Last week, I decided to write a letter directly to Chancellor Rosemary DePaolo to assert that the UNC-Wilmington website is a public forum and that, therefore, they really do not enjoy a right to engage in unbridled discrimination. Unsurprisingly, DePaolo did not give me the courtesy of a response.
And so today I write publicly – in a forum far more widely read than www.UNCW.edu – with a simple list of things I think Christians at UNCW are entitled to expect.
And he has every right to do so, of course, even if his verbal tantrum only serves to make himself look bad. But wait, there’s more! Check out the sour grapes he indulges in because he didn’t get his way:
I think I understand why these three simple requests are met with such resistance at our institutions of higher learning. Because I am a former atheist I know that atheists are often very angry at the God they claim does not exist…
I also understand why atheist professors would be unwilling to debate their reasons for rejecting religions like Christianity. Back in my days as an atheist, speaking truthfully on a panel would have required a public admission that I rejected Christianity largely because it would not have allowed me to continue getting drunk and high every night while splitting time between four girlfriends.
And I think I understand why the university will not help us in our efforts to advertise a talk by Frank Turek. In an age of political correctness there is no greater fear than that somewhere, somehow, someone may be offended. And they are probably correct (not just politically, but factually) to assume that most atheists will be offended by the very title of Frank Turek’s speech.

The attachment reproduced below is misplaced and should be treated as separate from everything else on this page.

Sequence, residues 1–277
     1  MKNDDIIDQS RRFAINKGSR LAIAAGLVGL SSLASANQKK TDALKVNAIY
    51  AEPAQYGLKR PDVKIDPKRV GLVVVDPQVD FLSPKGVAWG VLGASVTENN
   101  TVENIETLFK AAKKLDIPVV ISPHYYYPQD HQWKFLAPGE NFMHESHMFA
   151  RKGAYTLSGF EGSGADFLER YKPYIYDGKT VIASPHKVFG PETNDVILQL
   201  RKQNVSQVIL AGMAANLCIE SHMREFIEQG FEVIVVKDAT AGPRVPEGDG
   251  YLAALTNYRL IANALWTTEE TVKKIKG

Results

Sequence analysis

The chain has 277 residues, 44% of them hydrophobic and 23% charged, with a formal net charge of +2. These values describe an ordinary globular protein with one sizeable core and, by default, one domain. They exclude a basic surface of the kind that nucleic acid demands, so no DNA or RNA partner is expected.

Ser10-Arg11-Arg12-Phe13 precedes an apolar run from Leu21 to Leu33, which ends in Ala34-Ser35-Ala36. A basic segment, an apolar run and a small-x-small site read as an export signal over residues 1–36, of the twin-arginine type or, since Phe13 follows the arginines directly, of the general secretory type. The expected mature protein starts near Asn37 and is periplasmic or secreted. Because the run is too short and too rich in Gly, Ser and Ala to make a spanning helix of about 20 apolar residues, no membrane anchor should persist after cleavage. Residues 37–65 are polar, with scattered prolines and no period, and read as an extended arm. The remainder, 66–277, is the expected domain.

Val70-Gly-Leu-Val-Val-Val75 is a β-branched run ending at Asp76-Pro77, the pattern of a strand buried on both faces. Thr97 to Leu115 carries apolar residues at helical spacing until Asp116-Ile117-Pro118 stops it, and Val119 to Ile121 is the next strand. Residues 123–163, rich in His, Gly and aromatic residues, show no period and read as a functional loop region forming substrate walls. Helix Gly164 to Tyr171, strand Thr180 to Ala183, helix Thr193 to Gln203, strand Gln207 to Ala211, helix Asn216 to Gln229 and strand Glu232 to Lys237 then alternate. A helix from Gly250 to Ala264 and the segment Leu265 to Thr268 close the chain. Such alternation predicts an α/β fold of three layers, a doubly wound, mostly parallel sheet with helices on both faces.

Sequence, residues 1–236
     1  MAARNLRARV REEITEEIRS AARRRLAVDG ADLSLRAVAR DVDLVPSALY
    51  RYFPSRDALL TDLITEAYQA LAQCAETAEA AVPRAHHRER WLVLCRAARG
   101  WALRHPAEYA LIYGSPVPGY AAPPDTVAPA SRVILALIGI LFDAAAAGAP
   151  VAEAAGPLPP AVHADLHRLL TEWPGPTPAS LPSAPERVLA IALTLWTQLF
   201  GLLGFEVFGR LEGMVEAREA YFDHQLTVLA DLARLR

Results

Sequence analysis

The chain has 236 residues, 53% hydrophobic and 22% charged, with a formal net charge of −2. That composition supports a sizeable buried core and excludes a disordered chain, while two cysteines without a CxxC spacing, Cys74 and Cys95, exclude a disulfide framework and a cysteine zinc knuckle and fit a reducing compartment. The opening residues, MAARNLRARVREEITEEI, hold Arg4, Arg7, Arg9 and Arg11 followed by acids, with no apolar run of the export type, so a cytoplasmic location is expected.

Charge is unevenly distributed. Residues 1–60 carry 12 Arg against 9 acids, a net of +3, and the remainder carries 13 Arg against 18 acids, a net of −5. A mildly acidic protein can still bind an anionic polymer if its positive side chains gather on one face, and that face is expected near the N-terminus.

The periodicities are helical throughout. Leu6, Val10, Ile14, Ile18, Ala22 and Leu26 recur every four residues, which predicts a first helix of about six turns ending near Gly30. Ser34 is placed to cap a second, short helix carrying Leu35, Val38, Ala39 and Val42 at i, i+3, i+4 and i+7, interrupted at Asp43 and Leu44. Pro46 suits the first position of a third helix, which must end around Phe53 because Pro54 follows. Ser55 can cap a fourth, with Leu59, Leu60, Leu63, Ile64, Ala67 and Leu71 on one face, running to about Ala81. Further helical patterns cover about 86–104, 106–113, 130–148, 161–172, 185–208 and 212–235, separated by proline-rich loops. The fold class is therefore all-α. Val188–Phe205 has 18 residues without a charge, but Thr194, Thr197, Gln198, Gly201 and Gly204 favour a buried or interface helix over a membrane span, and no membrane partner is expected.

This need to protect atheists from hurt feelings may lead some to believe that they don’t make atheists like they used to. But I know from experience that the correlation between faith and fear has always been significant, strong, and inverse.
Yeah, um, take that you big mean atheists. You’re just a bunch of alcoholics and drug addicts, and…and…you know what? and you probably have sex a lot too. Yeah. And I’m just right and you’re wrong, so there. Teach you not to let me have my own way. So there.
Gosh, am I feeling spanked right now. Ok, not really. What’s really funny is the way he projects “hurt feelings” and “fears” onto atheists, as though he’s not the one who is deeply upset about students reading The God Delusion and deeply worried about what they might start thinking about if they’re exposed to the atheist side of the debate.
For all his brave talk, Adams is acutely aware of one thing, on at least a subconscious level: God does not show up in real life, and therefore faith in God is always the product of human efforts. He wouldn’t be nearly as upset if Dawkins and Hitchens were trying to argue for the non-existence of, say, the moon, because the moon does exist in real life, and can easily be confirmed by anyone interested enough to do a little astronomy (if one can call such a trivial effort “astronomy”).
But Adams knows that men, and men alone, are responsible for what people do and do not believe about God, and therefore he’s very upset and worried about which men have which advantages. If God actually showed up in the real world, it would be easy to study The God Delusion and point out all the ways in which it would be out of touch with the real world. Adams would have nothing whatsoever to worry about; any doubts could be answered by simply saying, “Look, God,” the same way you would say, “Look, the moon.” But because God is the product of human superstition, hearsay, and wishful thinking, he knows he can’t really do that. That makes him unhappy. And scared enough to throw a public tantrum over it.